Following 25 grueling minutes (for spectators) on Friday, the Bellator MMA middleweight title fight between Rafael Carvalho and Melvin Manhoef went to a judges’ decision. The champion Carvalho, who had done next to nothing to win the fight, was declared the winner via split decision on 48-47, 47-48 and 48-47 scorecards. Announcers Jimmy Smith and Sean Grande were apoplectic. Message boards exploded in anger. Even referee John McCarthy seemed disgusted. It was greeted an all-time embarrassment of a decision.
Hold your horses. The upset and tumult might be better off pointed in another direction or saved for another occasion.
The 18th century English judge William Blackstone is known for his principle that it is better to let 10 guilty men free than to imprison one innocent. The view, widely held, is that it is far worse for an injustice to be perpetrated on someone who deserved better than to let someone go free when they merit punishment. The concept is of course intended for the criminal law, but the notion also applies surprisingly well to MMA judging.
The principal reason there was such aggravation over Carvalho winning is that he deserved to win so little. He got in precious little offense and the fight consisted of long periods where nothing of note happened. It was like an audition for Sherdog’s All-Pacifist Team. However, it wasn’t like Manhoef turned in a distinguished performance. He was likewise passive, plodding and ineffective. It was a fight where both men deserved to lose.
In rounds where there is very little action, strange scorecards tend to surface. There just isn’t that much to differentiate the fighters. As fighters engage more, there’s more to evaluate and class tends to show. Many of the most controversial decisions of all-time were inactive fights where the judges didn’t have much with which to work. The losers of such decisions over time tend to have their performances elevated in the public perception because of the feeling that the winner didn’t deserve to get his hand raised.
UFC President Dana White always admonishes fighters that they shouldn’t let fights go to a decision. In general, it’s a rather weak argument. If you give it everything you have to finish a fight, judges should be competent enough to recognize you were the superior fighter even if you can’t get a knockout or submission. It’s not fair to fighters to suggest that they don’t deserve to have their reward when they turn in great performances.
That’s not to say White is without a point. Where his idea does have merit is fights where the competitors don’t leave it all in the cage. If you don’t engage with your opponent for long stretches of time, that’s when you are truly leaving yourself at the mercy of the judges. You may be a better fighter, but the judges haven’t been provided enough data to prove that definitively. White’s suggestion is best applied to fights exactly like Manhoef-Carvalho at Bellator 155. The fight was decided by the first round, as bad a round of mixed martial arts as there has been in a major MMA promotion all year. No one has the right to be outraged about the scoring of that catastrophe.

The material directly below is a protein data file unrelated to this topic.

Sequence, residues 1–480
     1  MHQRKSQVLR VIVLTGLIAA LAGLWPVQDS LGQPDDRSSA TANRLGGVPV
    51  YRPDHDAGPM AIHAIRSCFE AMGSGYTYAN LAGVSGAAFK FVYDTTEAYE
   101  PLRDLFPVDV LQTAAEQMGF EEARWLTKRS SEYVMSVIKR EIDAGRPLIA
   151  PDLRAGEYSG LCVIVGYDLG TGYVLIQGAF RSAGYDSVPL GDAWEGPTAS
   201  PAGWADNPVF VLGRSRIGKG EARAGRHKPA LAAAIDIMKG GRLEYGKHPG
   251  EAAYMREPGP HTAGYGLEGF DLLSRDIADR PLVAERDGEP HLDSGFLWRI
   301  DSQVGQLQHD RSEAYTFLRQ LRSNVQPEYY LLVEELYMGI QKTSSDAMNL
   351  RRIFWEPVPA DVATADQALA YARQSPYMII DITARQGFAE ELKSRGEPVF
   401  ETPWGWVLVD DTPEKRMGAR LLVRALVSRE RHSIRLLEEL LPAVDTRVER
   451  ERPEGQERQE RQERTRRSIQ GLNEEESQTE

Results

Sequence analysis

Carvalho didn’t do much to merit retaining his championship. However, Blackstone would likely argue our attention is better focused away from fighters like Carvalho who receive gifts and towards fighters who turned in excellent performances only to have those victories thieved from them. With so many fights these days, there are plenty of questionable decisions. The focus is best directed towards rewarding the innocent, not punishing the guilty.
When there’s discussion about the worst MMA decision of all-time, Ricco Rodriguez-Antonio Rodrigo Nogueira will often get brought up. Rodriguez was an Ultimate Fighting Championship fighter competing on a Pride Fighting Championships card against a Pride fighter, so when Nogueira was granted the decision, it was greeted with cries of bias. This isn’t to say it was a good decision, but it’s a strange choice for outrage so many years later.
Rodriguez-Nogueira was an awful fight. Rodriguez primarily just held down Nogueira and didn’t let his offense go because of the threat of the Brazilian’s submissions from the bottom. If Rodriguez had won the decision, it would be completely forgotten now. When talking about MMA robberies, let’s remember first fights where the loser turned in a great performance and deserved to win.
Martin Kampmann brutalized Diego Sanchez in Louisville with vicious and precise striking, only to see Sanchez have his hand raised. Nam Phan boxed up Leonard Garcia, landing over double the strikes to the head, only to be robbed. Evan Dunham’s would-be upset win over Sean Sherk should have been the breakthrough performance of his career. Instead, Sherk was declared the victor. Those are the sorts of fights that stand out in my mind when thinking of horrible decisions, not lackluster stalemates where one fighter did a little bit more.
Manhoef may have been slightly less awful than Carvalho, but let’s save our outrage for someone more deserving of our collective sympathy.